Changed economic circumstances mean many immigrants to Western countries are returning home. What does this mean for the global economy? Matthew Partridge reports.
What's the issue?
According to The New York Times, there are worries that the flow of immigration into the United States is in danger of reversing. The think tank Partnership for a New American Economy (PNAE) claims that China, and other countries, are "seeking to persuade highly skilled citizens who have settled in America to return home to start businesses there". China has offered six figure bonuses to scientists who return home (see below).
The Economic Times (of India) also notes that, "in growing numbers, highly educated children of immigrants to the US are uprooting themselves and moving to their ancestral countries. They are embracing homelands that their parents once spurned but that are now economic powers."
Subscribe to MoneyWeek
Subscribe to MoneyWeek today and get your first six magazine issues absolutely FREE
Even low-skill immigrants are turning their backs on America. The Los Angeles Times notes that from 2005 to 2010 net Mexican immigration to America was nearly zero. Indeed, Jeffrey S Passel, a senior demographer at the Pew Hispanic Center, thinks that, "by the end of the period, we were seeing more people moving to Mexico than leaving".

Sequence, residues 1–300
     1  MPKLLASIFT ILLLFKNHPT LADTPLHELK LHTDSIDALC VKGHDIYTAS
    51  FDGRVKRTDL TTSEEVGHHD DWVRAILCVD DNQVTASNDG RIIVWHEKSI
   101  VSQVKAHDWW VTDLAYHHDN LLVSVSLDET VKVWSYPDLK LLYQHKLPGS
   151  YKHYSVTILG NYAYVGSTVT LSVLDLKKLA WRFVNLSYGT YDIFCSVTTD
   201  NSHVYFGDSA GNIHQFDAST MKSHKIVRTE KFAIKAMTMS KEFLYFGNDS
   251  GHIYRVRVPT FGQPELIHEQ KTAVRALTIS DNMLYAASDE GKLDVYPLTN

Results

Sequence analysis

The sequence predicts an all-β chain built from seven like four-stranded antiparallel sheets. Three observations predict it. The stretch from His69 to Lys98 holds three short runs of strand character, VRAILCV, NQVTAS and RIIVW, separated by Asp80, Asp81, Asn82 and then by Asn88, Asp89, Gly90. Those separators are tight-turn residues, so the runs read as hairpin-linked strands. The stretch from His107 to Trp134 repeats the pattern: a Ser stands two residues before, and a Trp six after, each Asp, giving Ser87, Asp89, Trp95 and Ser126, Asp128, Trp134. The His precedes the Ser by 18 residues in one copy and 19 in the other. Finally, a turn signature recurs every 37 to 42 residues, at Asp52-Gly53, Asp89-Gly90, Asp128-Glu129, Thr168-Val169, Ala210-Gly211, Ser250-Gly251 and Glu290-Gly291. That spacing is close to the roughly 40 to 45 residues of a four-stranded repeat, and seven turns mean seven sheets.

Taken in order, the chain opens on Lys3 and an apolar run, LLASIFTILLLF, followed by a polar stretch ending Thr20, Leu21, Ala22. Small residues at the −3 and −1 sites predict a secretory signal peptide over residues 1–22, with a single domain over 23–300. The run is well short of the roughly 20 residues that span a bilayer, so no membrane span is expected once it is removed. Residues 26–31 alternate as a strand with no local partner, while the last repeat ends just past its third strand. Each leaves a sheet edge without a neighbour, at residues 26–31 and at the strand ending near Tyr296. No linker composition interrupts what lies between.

Why is this taking place?
Many think that American immigration policy forces immigrants who would like to stay to return home. The PNAE report claims that, "too often, our immigration policy is simply self-defeating. After being trained at American universities, top foreign-born graduates are told to go home and compete against the US." In contrast, other countries are "making employment, investment, visa, and tax incentives available to those who make the move".
However, economic factors also play a part. The Times of India suggests many reverse-immigrants think there are more opportunities in fast-growing developing countries, such as India, than in America. One expert believes that, in India, "markets are opening; people are coming up with ideas every day; there's so much opportunity to mould and create. People here are running much faster than the people in Washington."